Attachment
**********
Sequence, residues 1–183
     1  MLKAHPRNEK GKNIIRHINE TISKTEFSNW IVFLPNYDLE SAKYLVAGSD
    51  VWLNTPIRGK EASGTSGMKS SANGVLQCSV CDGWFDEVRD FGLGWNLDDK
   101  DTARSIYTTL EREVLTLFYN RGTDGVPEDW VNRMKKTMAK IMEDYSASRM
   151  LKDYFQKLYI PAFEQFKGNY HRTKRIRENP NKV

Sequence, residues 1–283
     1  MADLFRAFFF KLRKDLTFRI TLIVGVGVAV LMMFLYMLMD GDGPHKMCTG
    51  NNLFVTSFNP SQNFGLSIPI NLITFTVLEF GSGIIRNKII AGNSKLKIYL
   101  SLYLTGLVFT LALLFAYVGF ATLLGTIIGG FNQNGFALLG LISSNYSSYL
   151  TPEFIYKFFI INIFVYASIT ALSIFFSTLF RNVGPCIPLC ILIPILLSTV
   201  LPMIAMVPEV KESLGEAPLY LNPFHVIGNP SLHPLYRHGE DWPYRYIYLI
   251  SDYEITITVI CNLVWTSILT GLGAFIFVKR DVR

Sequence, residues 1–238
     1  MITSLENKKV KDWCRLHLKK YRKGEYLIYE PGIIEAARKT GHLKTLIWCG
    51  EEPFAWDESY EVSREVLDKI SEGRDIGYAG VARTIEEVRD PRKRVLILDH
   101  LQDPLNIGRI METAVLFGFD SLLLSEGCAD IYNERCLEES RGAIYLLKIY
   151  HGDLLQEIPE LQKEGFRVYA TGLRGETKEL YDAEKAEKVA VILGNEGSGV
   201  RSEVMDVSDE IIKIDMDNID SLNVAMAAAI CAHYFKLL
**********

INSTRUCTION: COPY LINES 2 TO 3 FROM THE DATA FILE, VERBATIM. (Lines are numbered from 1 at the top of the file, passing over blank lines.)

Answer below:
     1  MLKAHPRNEK GKNIIRHINE TISKTEFSNW IVFLPNYDLE SAKYLVAGSD
    51  VWLNTPIRGK EASGTSGMKS SANGVLQCSV CDGWFDEVRD FGLGWNLDDK